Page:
Mercury’s Global Threat: Officials Agree to Curb its Use
18 March 2005 – Ministers and high level officials from 140 countries agreed at a United Nations conference recently in Kenya to pursue voluntary measures to reduce environmental and health risks from mercury, a heavy metal which can cause a wide range of medical problems such as harm to the nervous system, cardiovascular system, digestive tract, kidneys, and cause birth defects and affect the development of children.
Participants of the conference, a United Nations Environment Program Governing Council meeting, endorsed the idea of creating partnerships between governments, international organizations, non-governmental organizations and the private sector to reduce mercury pollution with the first pilot projects to be in place by September of this year.
The partnership mechanism will focus on mercury wastes and surplus stockpiles as well as promote research to improve understanding on how mercury moves around the planet. The conferees also agreed to promote best available techniques for reducing mercury emissions from chemical factories and other industrial sites. Officials also asked the UNEP to conduct a study on the amounts of mercury being traded and supplied around the world.
Consumption of fish and marine mammals is the single most important source of human exposure to methyl mercury, the most toxic form of mercury. Higher predatory fish such as swordfish and sharks have the most significant form of methyl mercury. This trend is particularly troubling in developing countries, which account for the majority of the world's fish consumption, particularly in South and Southeast Asia, Africa and in China.
Despite the risks, mercury continues to be used in a variety of products and processes all over the world including small-scale mining of gold and silver; chlorine and caustic soda production; manometers for measurement and control; thermometers; electrical switches; fluorescent lamps; and dental amalgam fillings.
Because mercury is a metal, it does not fall under the chemical family which is regulated under the Stockholm Convention on persistent organic pollutants (POPs). This meeting was critical for the international community to come to agreement on how to curb the use of mercury to protect human health and we're pleased to see that the international community is moving forward, said Warren Evans, Director of Environment Department, World Bank, who attended the meeting.
The World Bank is cleaning up a Karibide Factory in Kazakhstan
In Kazakhstan, the Bank is cleaning up mercury contamination in and around the Nura River which is the water supply for several hundred thousand people. The project includes cleaning up an abandoned synthetic rubber plant that is the main source of the contamination.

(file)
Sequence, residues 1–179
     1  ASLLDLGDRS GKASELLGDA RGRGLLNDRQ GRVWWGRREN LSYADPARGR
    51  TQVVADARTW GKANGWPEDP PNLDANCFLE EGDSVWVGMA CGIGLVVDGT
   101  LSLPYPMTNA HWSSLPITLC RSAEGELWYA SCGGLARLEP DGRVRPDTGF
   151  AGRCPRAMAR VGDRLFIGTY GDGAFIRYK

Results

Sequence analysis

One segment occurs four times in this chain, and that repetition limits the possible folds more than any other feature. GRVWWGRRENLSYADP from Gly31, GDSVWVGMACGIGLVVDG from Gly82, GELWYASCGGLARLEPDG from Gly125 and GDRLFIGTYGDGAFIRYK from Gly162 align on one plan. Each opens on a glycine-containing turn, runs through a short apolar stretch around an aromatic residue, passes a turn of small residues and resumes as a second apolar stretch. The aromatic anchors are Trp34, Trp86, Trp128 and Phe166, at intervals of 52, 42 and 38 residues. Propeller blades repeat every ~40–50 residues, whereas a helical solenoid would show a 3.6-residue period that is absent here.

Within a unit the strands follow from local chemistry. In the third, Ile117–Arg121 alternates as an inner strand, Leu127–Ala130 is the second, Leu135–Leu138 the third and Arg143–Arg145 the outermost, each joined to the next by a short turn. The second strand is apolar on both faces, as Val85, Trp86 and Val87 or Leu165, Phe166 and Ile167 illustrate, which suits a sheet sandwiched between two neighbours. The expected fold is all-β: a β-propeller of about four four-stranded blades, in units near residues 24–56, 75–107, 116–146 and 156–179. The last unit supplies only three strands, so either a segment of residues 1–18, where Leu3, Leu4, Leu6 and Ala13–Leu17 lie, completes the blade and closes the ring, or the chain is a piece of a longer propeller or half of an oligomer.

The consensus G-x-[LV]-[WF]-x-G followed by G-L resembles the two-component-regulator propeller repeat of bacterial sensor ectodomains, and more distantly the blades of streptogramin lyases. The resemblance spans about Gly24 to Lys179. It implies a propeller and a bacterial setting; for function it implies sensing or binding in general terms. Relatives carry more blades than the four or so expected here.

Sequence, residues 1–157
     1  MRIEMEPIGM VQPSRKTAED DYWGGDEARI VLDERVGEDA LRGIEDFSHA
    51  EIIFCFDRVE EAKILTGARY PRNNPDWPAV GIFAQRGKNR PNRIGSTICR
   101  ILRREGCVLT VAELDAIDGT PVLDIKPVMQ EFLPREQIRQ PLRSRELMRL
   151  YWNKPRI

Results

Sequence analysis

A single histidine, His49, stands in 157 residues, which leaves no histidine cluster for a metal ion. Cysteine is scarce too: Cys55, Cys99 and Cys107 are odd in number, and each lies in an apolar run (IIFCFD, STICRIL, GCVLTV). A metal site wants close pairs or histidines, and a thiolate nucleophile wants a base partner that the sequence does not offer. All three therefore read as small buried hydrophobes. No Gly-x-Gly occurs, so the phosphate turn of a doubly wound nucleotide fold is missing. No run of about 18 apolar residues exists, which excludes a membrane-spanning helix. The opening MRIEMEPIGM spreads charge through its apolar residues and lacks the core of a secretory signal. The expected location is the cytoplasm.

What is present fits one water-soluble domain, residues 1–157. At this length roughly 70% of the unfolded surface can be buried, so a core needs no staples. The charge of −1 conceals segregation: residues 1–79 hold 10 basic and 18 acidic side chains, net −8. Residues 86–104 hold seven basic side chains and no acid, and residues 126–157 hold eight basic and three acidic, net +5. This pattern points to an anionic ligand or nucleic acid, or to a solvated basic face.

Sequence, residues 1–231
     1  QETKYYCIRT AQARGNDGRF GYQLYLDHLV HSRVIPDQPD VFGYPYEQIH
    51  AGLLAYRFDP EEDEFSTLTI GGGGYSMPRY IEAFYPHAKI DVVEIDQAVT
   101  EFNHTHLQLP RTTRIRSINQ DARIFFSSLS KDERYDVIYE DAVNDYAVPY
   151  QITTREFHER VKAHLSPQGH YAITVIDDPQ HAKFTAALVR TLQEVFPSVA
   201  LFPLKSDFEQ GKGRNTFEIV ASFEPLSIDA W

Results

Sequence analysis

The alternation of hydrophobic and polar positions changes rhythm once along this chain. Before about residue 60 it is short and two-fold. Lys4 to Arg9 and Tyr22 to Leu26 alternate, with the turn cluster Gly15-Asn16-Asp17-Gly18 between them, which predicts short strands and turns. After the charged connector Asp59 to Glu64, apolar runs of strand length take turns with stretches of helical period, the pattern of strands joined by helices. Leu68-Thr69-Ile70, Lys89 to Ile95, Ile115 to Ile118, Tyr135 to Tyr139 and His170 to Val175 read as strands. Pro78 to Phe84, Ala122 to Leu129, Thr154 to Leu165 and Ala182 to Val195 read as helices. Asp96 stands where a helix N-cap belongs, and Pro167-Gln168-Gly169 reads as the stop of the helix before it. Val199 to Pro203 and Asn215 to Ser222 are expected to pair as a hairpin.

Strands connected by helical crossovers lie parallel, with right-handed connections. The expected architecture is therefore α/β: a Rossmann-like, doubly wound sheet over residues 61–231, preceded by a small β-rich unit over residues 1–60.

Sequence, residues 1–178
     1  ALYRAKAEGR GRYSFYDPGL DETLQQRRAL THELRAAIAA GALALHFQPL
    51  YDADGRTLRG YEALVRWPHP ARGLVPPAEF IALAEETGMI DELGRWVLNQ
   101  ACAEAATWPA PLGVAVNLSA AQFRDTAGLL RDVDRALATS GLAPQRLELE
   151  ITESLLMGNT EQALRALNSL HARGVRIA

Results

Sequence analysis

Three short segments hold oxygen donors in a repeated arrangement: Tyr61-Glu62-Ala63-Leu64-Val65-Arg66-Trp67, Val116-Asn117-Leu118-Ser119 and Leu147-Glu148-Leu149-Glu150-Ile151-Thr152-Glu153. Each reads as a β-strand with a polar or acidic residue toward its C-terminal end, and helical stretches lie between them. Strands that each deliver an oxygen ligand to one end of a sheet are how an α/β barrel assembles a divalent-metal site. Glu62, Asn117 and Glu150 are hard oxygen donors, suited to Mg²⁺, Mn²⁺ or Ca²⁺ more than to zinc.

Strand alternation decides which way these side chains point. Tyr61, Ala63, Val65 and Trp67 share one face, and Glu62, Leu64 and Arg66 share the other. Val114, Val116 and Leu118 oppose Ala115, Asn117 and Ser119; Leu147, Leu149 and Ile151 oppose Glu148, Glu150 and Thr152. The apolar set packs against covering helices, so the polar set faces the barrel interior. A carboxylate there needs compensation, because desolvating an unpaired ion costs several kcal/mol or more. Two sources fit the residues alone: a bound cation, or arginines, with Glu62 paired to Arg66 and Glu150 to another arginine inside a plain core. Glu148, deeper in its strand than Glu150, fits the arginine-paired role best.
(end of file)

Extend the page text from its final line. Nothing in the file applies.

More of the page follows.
In Azerbaijan the Bank is working with the local government to decontaminate a heavily polluted area from an old factory site. It involves testing pilot-scale sludge treatment; developing and applying a low-technology method for mercury recovery; waste transportation; construction of a new landfill; developing a monitoring program; and a follow-up assessment.
UNEP's Global Mercury Assessment (2002) found that mercury is now found all over the world at levels that adversely affect humans and wildlife. The problem has become global as regions with no significant mercury releases of their own, such as the artic, are still affected due to transcontinental transport of mercury.
The report says that coal-fired power stations and waste incinerators now account for around 1,500 tons or 70 percent of new, quantified manmade mercury pollution, releasing an estimated 400-500 tons of mercury annually to the air, soil, and waterways.
An estimated 2,000 tons of new mercury is released to the environment annually, mainly from coal-fired power stations, waste incinerators, and as a result of artisinal mining of gold and silver.
Manmade sources of mercury come in the form of airborne particles released when coal, oil or natural gas is burned as fuel, or waste containing mercury is burned. The airborne mercury can then fall to the ground through rain and snow contaminating soil or bodies of water. Lakes and rivers can also be contaminated through industrial waste or municipal sewage containing mercury which accumulates in fish.
In the United States, the US Environmental Protection Agency estimates that that as many as 7-8 percent of women between reproductive ages of 15-44 may exceed doses as a result of diets which include 100 grams of fish and shellfish per day. And, according to the National Academy of Sciences, approximately 60,000 newborns are at risk in the US alone because of mercury absorbed during pregnancy.
The UNEP report also shows levels in fish exceeding a risk-based threshold (based upon Japan's and U.S. recommendations) in quite a few developing countries, including Cote d'Ivoire, Ghana, India, Mauritius, Philippines, Slovak Republic, and Thailand as well as Japan, Korea, Sweden,
The World Bank is supporting at least three mercury pollution clean-up projects in Azerbaijan, Kazakhstan, and China.
Governments who attended the UNEP's meeting in Nairobi agreed to review the success of this new program in two years time to assess whether further action is needed. If so, they will review a wide range of options including the possibility of a legally binding treaty.
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